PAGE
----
What It Was Like to be Gay in the Civil Rights Movement

In a 1987 interview, the late civil rights activist Bayard Rustin talked about how his sexual orientation affected his work for the cause.

The following is an excerpt from Devon W. Carbado and Donald Weise's Time on Two Crosses:The Collected Writings of Bayard Rustin (2nd Edition) (Cleis Press, 2015).

Time on Two Crosses: An Interview with George Chauncey, Jr. [1987]

GEORGE CHAUNCEY, JR.: How did your homosexuality affect your work in the civil rights movement, particularly after your arrest in Pasadena in 1953 on a “sex perversion” charge?

BAYARD RUSTIN: There is no question in my mind that there was considerable prejudice amongst a number of people I worked with. But of course they would never admit they were prejudiced. They would say they were afraid that it might hurt the movement. The fact of the matter is, it was already known, it was nothing to hide. You can’t hurt the movement unless you have something to reveal. They also said any more talk would hurt me. They would look at me soulfully and say, surely you don’t want to go through any more humiliation? Well, I wasn’t humiliated. Even at the time of the arrest, I was not humiliated. The fact of the matter is, in my case it was an absolute setup.

Book cover of "Time on Two Crosses: The Collected Writings of Bayard Rustin"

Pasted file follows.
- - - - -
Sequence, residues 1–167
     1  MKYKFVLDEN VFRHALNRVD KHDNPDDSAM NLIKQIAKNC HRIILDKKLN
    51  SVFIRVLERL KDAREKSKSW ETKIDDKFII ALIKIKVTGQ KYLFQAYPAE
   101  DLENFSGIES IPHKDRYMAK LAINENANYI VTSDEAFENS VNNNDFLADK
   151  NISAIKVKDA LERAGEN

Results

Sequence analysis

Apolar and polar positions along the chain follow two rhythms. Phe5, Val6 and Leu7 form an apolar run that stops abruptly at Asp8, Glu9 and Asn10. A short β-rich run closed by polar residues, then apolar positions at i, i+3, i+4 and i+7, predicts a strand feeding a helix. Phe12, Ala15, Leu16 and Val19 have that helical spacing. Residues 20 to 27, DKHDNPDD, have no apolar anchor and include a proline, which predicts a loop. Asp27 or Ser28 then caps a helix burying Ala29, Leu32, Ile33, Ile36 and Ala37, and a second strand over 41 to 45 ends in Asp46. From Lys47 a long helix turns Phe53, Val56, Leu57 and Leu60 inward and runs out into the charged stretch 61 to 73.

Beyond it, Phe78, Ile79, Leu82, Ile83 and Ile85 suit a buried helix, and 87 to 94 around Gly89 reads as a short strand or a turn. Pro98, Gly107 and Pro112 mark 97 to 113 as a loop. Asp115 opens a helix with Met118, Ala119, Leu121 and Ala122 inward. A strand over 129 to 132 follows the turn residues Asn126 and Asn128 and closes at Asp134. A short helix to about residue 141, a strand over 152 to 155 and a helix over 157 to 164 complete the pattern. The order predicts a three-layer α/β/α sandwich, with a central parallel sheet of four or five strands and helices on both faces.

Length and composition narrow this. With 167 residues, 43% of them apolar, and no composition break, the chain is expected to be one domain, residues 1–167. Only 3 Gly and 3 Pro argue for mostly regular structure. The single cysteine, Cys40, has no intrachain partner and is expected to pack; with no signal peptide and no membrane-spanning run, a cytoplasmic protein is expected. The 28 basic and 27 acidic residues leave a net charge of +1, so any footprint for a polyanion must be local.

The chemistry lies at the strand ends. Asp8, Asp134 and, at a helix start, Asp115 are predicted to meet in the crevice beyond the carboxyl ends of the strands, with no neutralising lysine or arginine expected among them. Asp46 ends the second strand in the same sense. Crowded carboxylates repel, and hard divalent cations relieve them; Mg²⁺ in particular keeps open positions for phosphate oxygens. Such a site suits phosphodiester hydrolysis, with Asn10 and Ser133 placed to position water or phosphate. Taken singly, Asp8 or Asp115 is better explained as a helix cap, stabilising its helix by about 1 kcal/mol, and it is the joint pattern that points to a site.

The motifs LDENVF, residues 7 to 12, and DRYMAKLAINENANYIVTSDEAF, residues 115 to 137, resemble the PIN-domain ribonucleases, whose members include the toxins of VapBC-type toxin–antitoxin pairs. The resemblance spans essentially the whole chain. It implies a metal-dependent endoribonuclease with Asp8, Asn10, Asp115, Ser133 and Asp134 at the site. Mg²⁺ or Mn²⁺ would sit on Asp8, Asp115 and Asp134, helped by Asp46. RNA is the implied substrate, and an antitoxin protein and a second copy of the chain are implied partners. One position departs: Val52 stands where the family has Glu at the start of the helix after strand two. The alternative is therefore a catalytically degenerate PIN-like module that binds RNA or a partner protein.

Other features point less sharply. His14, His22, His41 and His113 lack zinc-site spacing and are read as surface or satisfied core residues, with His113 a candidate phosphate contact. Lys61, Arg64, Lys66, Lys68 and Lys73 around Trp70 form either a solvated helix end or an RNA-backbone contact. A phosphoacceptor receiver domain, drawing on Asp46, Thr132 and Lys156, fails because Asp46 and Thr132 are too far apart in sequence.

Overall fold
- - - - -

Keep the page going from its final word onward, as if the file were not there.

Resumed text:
Photo Credit: 
Cleis Press
CHAUNCEY: Do you mean you were entrapped?

RUSTIN: Yes, that’s very definite. But that’s unimportant. Let’s assume I was completely guilty. It wouldn’t matter.

CHAUNCEY: A lot of gay men were entrapped in those days. Do you think you were targeted for political reasons?

RUSTIN: I think so. Because way back as far as 1946, ’47, I had organized all over the country, even in the deep South, and I was in California at the time of the arrest, leading demonstrations against discrimination in theaters, hotels, and restaurants.

CHAUNCEY: Could you tell us about specific incidents when your being gay became an issue for the other leaders in the movement? For example, when you and Dr. King were organizing demonstrations at the Democratic and Republican conventions in 1960.

RUSTIN: Actually, [A. Philip] Randolph asked me to organize the marches. I decided that Mr. Randolph ought to get Dr. King to join us, on the simple principle that the other civil rights leaders would feel they had to join in. Dr. King was at the press conference announcing the marches, and then left for Brazil. Later he called me from Brazil very, very agitated indeed, and said that on second thought maybe we ought not to proceed with the marches. At that point, he did not tell me why, straight-forwardly. I went to see Mr. Randolph, and asked him to give me permission to say to Dr. King that he was very sorry, but that he and the others were going to go ahead anyhow. I thought that Dr. King would have no choice but to stay in.

I called Martin back and told him this, whereupon he told me the whole story. A woman who was well known in the movement had called him and said that [Congressman Adam Clayton] Powell was going to call a press conference and implicate me and Dr. King in some sort of liaison if Dr. King did not call off the marches. Now, obviously this is a case where Powell had been promised something by the Democratic Party if he’d get rid of me. Dr. King asked for a delay and I said we couldn’t afford to delay. In the end, he decided not to go ahead and Powell did not go to the press. This is the kind of thing Adam did.

CHAUNCEY: What about the 1963 March on Washington, when your homosexuality was used publicly in an effort to discredit the movement? The leadership seems to have stood by you then.